Conference Proceedings Paper
DETERMINATION OF THE THRESHOLD CONDITIONS FOR DELAYED HYDRIDE CRACKING IN ZIRCALOY-4 CANDU FUEL CLADDING – AECL’S CONTRIBUTION TO IAEA COORDINATED RESEARCH PROGRAMME
13th International Conference on CANDU Fuel - 2016 Aug. 15-18
Z. He (Canadian Nuclear Laboratories)
K. Coleman (Canadian Nuclear Laboratories)
D. McDonald (Canadian Nuclear Laboratories)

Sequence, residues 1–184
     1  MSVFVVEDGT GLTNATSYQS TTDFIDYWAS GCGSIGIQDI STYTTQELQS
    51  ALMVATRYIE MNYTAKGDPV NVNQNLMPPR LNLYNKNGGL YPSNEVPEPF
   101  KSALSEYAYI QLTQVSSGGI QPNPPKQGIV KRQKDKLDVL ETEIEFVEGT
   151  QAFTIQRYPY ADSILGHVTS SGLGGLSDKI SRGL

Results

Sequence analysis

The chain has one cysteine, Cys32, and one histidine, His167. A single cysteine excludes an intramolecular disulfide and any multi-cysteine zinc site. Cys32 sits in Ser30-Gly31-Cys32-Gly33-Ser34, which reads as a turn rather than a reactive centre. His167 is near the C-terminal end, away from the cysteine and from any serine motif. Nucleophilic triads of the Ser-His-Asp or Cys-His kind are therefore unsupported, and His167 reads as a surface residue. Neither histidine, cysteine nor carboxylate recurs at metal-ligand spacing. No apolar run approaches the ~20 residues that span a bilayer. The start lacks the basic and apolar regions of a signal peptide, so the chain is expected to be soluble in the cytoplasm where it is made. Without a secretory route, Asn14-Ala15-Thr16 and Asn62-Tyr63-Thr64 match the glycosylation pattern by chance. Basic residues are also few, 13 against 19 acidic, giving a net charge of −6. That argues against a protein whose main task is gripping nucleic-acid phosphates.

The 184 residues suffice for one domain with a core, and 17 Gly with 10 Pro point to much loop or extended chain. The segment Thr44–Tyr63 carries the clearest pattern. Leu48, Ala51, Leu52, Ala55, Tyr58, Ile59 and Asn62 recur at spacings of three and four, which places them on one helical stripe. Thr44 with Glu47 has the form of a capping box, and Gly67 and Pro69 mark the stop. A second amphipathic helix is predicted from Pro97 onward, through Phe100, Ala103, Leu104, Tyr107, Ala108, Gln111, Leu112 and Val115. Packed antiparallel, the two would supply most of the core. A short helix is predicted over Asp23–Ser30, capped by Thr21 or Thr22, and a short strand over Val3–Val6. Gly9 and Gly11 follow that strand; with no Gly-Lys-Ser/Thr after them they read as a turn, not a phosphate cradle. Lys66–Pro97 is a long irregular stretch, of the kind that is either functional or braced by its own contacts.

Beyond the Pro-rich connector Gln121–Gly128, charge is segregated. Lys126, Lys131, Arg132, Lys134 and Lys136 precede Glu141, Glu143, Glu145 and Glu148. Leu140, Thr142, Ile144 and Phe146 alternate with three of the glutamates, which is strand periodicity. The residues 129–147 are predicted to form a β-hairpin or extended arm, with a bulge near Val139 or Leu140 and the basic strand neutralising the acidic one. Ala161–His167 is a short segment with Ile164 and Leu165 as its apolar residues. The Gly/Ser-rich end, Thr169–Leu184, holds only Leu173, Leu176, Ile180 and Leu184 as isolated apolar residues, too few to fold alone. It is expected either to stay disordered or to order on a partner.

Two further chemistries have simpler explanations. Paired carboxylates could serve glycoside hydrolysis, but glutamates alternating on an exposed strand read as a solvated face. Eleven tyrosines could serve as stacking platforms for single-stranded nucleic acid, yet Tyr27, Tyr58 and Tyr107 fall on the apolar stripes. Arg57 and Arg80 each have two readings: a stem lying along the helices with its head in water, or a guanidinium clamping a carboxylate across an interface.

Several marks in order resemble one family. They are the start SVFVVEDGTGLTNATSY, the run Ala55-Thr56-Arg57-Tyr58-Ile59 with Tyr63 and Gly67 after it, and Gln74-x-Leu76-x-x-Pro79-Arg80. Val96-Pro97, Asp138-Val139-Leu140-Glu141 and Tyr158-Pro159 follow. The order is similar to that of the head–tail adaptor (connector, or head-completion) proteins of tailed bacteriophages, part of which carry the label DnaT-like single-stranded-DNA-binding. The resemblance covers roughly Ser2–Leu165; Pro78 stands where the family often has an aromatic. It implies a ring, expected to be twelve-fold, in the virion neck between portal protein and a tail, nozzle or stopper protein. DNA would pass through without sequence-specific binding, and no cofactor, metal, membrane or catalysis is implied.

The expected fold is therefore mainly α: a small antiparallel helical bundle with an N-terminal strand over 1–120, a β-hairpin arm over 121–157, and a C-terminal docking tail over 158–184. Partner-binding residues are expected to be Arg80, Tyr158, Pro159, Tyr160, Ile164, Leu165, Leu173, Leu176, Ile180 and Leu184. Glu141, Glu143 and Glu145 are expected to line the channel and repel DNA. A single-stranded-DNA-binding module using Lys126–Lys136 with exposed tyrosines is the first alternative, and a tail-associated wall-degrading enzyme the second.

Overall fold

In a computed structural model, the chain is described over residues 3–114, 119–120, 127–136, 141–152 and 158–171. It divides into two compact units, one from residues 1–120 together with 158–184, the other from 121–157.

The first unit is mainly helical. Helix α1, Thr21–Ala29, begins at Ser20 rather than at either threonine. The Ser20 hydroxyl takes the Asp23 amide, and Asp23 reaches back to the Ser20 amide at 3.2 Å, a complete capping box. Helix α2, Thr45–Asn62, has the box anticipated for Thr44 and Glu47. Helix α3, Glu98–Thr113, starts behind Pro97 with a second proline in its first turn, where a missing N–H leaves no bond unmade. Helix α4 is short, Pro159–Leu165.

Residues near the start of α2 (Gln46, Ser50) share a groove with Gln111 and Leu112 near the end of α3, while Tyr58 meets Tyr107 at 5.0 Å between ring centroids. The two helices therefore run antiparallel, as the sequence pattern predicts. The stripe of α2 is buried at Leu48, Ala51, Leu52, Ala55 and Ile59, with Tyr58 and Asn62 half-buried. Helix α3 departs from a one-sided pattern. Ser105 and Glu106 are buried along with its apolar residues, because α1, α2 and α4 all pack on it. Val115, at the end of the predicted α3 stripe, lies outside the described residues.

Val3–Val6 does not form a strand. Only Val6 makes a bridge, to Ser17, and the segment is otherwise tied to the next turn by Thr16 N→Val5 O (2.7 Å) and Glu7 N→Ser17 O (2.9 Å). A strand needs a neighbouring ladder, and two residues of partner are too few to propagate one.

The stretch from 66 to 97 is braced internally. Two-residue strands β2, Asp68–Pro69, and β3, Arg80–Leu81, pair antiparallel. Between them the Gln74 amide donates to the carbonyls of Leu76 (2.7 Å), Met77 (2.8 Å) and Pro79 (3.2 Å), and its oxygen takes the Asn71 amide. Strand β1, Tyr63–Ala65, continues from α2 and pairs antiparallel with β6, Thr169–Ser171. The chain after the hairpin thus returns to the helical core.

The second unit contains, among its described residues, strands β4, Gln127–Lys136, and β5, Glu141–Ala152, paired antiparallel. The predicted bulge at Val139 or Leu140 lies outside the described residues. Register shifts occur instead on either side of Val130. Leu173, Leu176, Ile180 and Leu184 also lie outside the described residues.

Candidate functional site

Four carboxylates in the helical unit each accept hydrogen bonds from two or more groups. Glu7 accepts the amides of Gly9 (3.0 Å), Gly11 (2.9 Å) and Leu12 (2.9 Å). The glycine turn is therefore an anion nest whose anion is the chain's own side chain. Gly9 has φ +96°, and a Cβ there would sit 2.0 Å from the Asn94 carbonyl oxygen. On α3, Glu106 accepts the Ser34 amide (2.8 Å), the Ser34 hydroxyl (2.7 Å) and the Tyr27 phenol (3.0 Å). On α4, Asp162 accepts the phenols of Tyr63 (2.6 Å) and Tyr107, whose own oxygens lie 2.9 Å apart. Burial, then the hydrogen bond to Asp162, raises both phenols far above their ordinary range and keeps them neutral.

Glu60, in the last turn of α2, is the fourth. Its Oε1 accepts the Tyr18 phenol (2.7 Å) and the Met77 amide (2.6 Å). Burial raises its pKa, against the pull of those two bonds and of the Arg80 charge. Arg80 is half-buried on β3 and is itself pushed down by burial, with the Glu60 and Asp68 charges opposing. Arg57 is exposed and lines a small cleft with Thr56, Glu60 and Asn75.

Delayed Hydride Cracking (DHC) is one of the cracking mechanisms for Zircaloy-4 fuel cladding and is a concern for spent fuel storage. To determine the threshold conditions of the material, the International Atomic Energy Agency (IAEA) initiated a Coordinated Research Program (CRP); AECL, representing Canada, participated in the CRP. A flaw in a cladding may extend by DHC due to hydrogen pick up by the material. The hydrogen diffuses up the tensile stress gradient at the flaw tip; if sufficient hydrogen is accumulated to form hydrides and if the stress is large enough, the hydride cracks, the flaw extends, and finally, may lead to a through-wall failure. From this description of the phenomenon, threshold conditions for DHC can be related to: - Sufficient hydrogen must be present for forming hydride at the flaw tip; - The local tensile stress must be large enough to crack the hydride. A crack will not extend if a threshold in stress intensity factor, called KIH, is not exceeded; - A high temperature limit exists when the yield stress at the flaw tip becomes too low to crack the hydride. This presentation will describe measurements of KIH and crack growth rate, VDHC, in un-irradiated Zircaloy-4 CANDU fuel cladding in cold-worked, stress-relieved condition. The cladding contains about 130 ppm hydrogen. Two methods were used to evaluate KIH: - testing several specimens at various values of KI and finding the value below which no cracking is detected, and - gradually increasing the load until cracking starts. The test specimen and fixture was the Pin Loading Tension configuration, and the test temperature ranged from 250 to 296°C. In the CANDU material the mean value of KIH below 280°C slightly increased with temperature; it ranged from 7 to 8 MPa?m at 250°C and was 10 MPa?m at 280°C. At higher test temperatures, KIH rose sharply to 16.7 MPa?m while the crack growth rate declined towards zero. This behaviour suggests that fuel cladding is immune from DHC above about 300°C. The implications for spent fuel storage will be discussed.
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